Project description:Anion exchanger 1 (AE1) is responsible for the exchange of bicarbonate and chloride across the erythrocyte plasma membrane. Human AE1 consists of a cytoplasmic and a membrane domain joined by a 33-residue flexible linker. Crystal structures of the individual domains have been determined, but the intact AE1 structure remains elusive. In this study, we use molecular dynamics simulations and modeling to build intact AE1 structures in a complex lipid bilayer that resembles the native erythrocyte plasma membrane. AE1 models were evaluated using available experimental data to provide an atomistic view of the interaction and dynamics of the cytoplasmic domain, the membrane domain, and the connecting linker in a complete model of AE1 in a lipid bilayer. Anionic lipids were found to interact strongly with AE1 at specific amino acid residues that are linked to diseases and blood group antigens. Cholesterol was found in the dimeric interface of AE1, suggesting that it may regulate subunit interactions and anion transport.
Project description:Anion Exchanger 1 (AE1) and stomatin are integral proteins of the red blood cell (RBC) membrane. Erythroid and kidney AE1 play a major role in HCO3- and Cl- exchange. Stomatins down-regulate the activity of many channels and transporters. Biochemical studies suggested an interaction of erythroid AE1 with stomatin. Moreover, we previously reported normal AE1 expression level in stomatin-deficient RBCs. Here, the ability of stomatin to modulate AE1-dependent Cl-/HCO3- exchange was evaluated using stopped-flow methods. In HEK293 cells expressing recombinant AE1 and stomatin, the permeabilities associated with AE1 activity were 30% higher in cells overexpressing stomatin, compared to cells with only endogenous stomatin expression. Ghosts from stomatin-deficient RBCs and controls were resealed in the presence of pH- or chloride-sensitive fluorescent probes and submitted to inward HCO3- and outward Cl- gradients. From alkalinization rate constants, we deduced a 47% decreased permeability to HCO3- for stomatin-deficient patients. Similarly, kinetics of Cl- efflux, followed by the probe dequenching, revealed a significant 42% decrease in patients. In situ Proximity Ligation Assays confirmed an interaction of AE1 with stomatin, in both HEK recombinant cells and RBCs. Here we show that stomatin modulates the transport activity of AE1 through a direct protein-protein interaction.
Project description:Anion exchanger 1 (AE1; Band 3; SLC4A1) is the founding member of the solute carrier 4 (SLC4) family of bicarbonate transporters that includes chloride/bicarbonate AEs and Na(+)-bicarbonate co-transporters (NBCs). These membrane proteins consist of an amino-terminal cytosolic domain involved in protein interactions and a carboxyl-terminal membrane domain that carries out the transport function. Mutation of a conserved arginine residue (R298S) in the cytosolic domain of NBCe1 (SLC4A4) is linked to proximal renal tubular acidosis and results in impaired transport function, suggesting that the cytosolic domain plays a role in substrate permeation. Introduction of single and double mutations at the equivalent arginine (Arg(283)) and at an interacting glutamate (Glu(85)) in the cytosolic domain of human AE1 (cdAE1) had no effect on the cell surface expression or the transport activity of AE1 expressed in HEK-293 cells. In addition, the membrane domain of AE1 (mdAE1) efficiently mediated anion transport. A 2.1-? resolution crystal structure of cd?54AE1 (residues 55-356 of cdAE1) lacking the amino-terminal and carboxyl-terminal disordered regions, produced at physiological pH, revealed an extensive hydrogen-bonded network involving Arg(283) and Glu(85). Mutations at these residues affected the pH-dependent conformational changes and stability of cd?54AE1. As these structural alterations did not impair functional expression of AE1, the cytosolic and membrane domains operate independently. A substrate access tunnel within the cytosolic domain is not present in AE1 and therefore is not an essential feature of the SLC4 family of bicarbonate transporters.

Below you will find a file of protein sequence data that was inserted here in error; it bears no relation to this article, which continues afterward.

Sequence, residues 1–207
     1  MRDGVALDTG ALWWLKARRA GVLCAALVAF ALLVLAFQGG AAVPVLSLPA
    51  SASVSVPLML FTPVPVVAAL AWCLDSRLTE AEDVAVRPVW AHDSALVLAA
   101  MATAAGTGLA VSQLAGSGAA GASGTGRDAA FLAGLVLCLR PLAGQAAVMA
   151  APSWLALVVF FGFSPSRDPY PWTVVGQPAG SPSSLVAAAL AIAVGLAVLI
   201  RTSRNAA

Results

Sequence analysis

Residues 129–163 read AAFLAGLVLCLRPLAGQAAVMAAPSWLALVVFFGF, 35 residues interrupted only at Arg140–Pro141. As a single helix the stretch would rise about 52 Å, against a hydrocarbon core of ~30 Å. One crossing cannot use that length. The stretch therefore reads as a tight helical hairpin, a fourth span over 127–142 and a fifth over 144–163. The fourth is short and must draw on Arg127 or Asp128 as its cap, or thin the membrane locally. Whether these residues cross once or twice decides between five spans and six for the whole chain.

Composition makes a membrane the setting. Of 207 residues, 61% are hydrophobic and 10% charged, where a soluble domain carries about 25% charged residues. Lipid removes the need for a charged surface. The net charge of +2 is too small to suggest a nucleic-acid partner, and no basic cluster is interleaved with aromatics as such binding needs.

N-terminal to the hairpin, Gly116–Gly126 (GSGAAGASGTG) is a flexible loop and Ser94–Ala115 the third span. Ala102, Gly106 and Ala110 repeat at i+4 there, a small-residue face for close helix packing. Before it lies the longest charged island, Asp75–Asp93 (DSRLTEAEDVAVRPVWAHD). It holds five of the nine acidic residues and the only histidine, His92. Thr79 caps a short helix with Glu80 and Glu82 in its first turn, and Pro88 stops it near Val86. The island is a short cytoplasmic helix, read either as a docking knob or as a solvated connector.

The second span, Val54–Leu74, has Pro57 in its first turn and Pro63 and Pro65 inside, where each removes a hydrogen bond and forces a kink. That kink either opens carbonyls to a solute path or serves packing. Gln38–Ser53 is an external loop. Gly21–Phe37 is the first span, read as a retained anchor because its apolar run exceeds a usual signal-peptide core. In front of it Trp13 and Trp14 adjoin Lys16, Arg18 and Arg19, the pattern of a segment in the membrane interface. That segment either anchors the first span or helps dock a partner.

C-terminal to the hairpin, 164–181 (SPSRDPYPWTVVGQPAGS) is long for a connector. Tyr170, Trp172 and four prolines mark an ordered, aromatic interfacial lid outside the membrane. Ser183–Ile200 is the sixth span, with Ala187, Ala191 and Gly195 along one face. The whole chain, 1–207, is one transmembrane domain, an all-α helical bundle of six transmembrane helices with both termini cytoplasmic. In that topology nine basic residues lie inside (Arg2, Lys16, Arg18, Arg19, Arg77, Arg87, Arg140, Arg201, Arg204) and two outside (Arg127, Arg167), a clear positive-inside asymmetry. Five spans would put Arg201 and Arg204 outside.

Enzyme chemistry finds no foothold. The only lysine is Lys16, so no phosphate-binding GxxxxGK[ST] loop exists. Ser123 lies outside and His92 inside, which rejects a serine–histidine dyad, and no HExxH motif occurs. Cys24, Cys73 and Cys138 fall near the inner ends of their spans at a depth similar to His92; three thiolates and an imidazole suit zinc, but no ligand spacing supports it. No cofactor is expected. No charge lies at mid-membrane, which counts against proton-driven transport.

Project description:Human AE1 (anion exchanger 1), or Band 3, is an abundant membrane glycoprotein found in the plasma membrane of erythrocytes. The physiological role of the protein is to carry out chloride/bicarbonate exchange across the plasma membrane, a process that increases the carbon-dioxide-carrying capacity of blood. To study the topology of TMs (transmembrane segments) 1-4, a series of scanning N-glycosylation mutants were created spanning the region from EC (extracellular loop) 1 to EC2 in full-length AE1. These constructs were expressed in HEK-293 (human embryonic kidney) cells, and their N-glycosylation efficiencies were determined. Unexpectedly, positions within putative TMs 2 and 3 could be efficiently glycosylated. In contrast, the same positions were very poorly glycosylated when present in mutant AE1 with the SAO (Southeast Asian ovalocytosis) deletion (DeltaA400-A408) in TM1. These results suggest that the TM2-3 region of AE1 may become transiently exposed to the endoplasmic reticulum lumen during biosynthesis, and that there is a competition between proper folding of the region into the membrane and N-glycosylation at introduced sites. The SAO deletion disrupts the proper integration of TMs 1-2, probably leaving the region exposed to the cytosol. As a result, engineered N-glycosylation acceptor sites in TM2-3 could not be utilized by the oligosaccharyltransferase in this mutant form of AE1. The properties of TM2-3 suggest that these segments form a re-entrant loop in human AE1.